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2764. Cramm, R.H., “The influence of processing conditions on the hot tack of polyethylene extrusion coatings,” in 1988 Polymers, Laminations and Coatings Conference Proceedings, 35-39, TAPPI Press, 1988 (also in TAPPI J., V. 72, p. 185-189, Mar 1989).

1611. Erbil, H.Y., and R.A. Meric, “Determination of surface free energy components of polymers from contact angle data using nonlinear programming methods,” Colloids and Surfaces, 33, 85-97, (1988) (also in Interfaces in Polymer, Ceramic, and Metal Matrix Composites, H. Ishida, ed., Elsevier, 1988, p. 765-772).

1610. Klemberg-Sapieha, Y., A. Migdal, M.R. Wertheimer, and H.P. Schreiber, “Application of plasma treatments to the control of properties in polymer systems,” in Interfaces in Polymer, Ceramic, and Metal Matrix Composites, H. Ishida, ed., 583-594, Elsevier, 1988.

857. Zhanxun, C., C. Jie, and W. Zhizhong, “ESCA characterization of plasma-polymerized tetrafluoroethylene,” in Advances in Low-Temperature Plasma Chemistry, Technology, Applications, Boenig, H.V., ph.d, ed., 265-274, Technomic, 1988.

856. de Mendez, M., J.C. Boeda, G. Legeay, J.C. Brosse, and P. Simon, “Low temperature plasma modification of polysiloxanes,” in Advances in Low-Temperature Plasma Chemistry, Technology, Applications, Boenig, H.V., ed., 229-242, Technomic, 1988.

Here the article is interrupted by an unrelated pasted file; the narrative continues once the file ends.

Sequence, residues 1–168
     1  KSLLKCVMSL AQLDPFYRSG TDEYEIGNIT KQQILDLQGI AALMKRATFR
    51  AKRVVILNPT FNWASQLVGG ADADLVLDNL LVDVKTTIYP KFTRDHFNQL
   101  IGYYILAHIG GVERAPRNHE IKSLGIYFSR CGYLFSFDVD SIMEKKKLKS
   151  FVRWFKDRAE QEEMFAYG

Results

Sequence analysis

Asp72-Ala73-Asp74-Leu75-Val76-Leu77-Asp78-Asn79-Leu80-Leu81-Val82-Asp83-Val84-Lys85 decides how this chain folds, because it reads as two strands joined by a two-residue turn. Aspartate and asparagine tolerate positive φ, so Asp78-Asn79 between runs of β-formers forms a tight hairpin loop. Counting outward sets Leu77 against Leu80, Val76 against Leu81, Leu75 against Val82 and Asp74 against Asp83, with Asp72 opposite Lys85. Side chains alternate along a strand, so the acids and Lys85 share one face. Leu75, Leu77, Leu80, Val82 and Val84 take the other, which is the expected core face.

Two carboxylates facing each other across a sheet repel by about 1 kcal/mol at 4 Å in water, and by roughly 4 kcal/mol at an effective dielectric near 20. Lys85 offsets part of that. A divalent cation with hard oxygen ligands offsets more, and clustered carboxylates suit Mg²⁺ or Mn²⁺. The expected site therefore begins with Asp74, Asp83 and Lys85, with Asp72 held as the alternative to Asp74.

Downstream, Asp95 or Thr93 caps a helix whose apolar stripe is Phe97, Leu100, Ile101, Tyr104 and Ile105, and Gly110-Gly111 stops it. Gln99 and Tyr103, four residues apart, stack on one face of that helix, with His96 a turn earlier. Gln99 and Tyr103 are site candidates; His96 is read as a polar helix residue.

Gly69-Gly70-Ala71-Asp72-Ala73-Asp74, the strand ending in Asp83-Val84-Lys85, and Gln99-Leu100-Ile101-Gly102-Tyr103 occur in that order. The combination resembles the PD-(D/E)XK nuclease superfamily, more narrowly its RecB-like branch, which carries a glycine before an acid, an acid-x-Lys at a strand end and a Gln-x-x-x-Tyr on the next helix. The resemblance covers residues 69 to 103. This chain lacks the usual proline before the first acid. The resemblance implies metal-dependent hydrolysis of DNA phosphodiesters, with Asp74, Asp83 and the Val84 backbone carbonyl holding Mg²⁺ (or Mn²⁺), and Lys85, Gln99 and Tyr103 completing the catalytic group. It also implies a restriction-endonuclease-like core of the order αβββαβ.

654. van Damme, H.S., A.H. Hogt, and J. Feijen, “Surface mobility and structural transitions of poly(n-alkyl methacrylates) probed by dynamic contact angle measurement,” in Polymer Surface Dynamics, Andrade, J.D., ed., 89-110, Plenum Press, 1988.

650. Owen, M.J., T.M. Gentle, T. Orbeck, and D.E. Williams, “Dynamic wettability of hydrophobic polymers,” in Polymer Surface Dynamics, Andrade, J.D., ed., 101-110, Plenum Press, 1988.

647. Marchant, R.E., C.J. Chou, and C. Khoo, “Effect of nitrogen RF plasma on the properties of polypropylene,” in Plasma Polymerization and Plasma Treatment of Polymers, Yasuda, H.K., ed., 126-138, John Wiley & Sons, 1988.

643. Lee, J.H., and J.D. Andrade, “Surface properties of aqueous PEO/PPO block block copolymer surfactants,” in Polymer Surface Dynamics, Andrade, J.D., ed., 119-136, Plenum Press, 1988.

642. Lavielle, L., “Orientation phenomena at polymer - water interfaces,” in Polymer Surface Dynamics, Andrade, J.D., ed., 45-66, Plenum Press, 1988.

641. Jhon, M.S., and S.H. Yuk, “Contact angles at polymer - water interface; temperature dependence and induced deformation,” in Polymer Surface Dynamics, Andrade, J.D., ed., 25-44, Plenum Press, 1988.

640. Iriyama, Y., and H. Yasuda, “Plasma treatment and plasma polymerization for surface modification of flexible poly(vinyl chloride),” in Plasma Polymerization and Plasma Treatment of Polymers, Yasuda, H.K., ed., 97-124, John Wiley & Sons, 1988.

639. Hoffman, A.S., “Biomedical applications of plasma gas discharge processes,” in Plasma Polymerization and Plasma Treatment of Polymers, Yasuda, H.K., ed., 251-267, John Wiley & Sons, 1988.

627. Chaney, R., and G. Barth, “An ESCA study on the x-ray induced changes in polymeric materials,” in Polymer Surface Dynamics, Andrade, J.D., ed., 171-178, Plenum Press, 1988.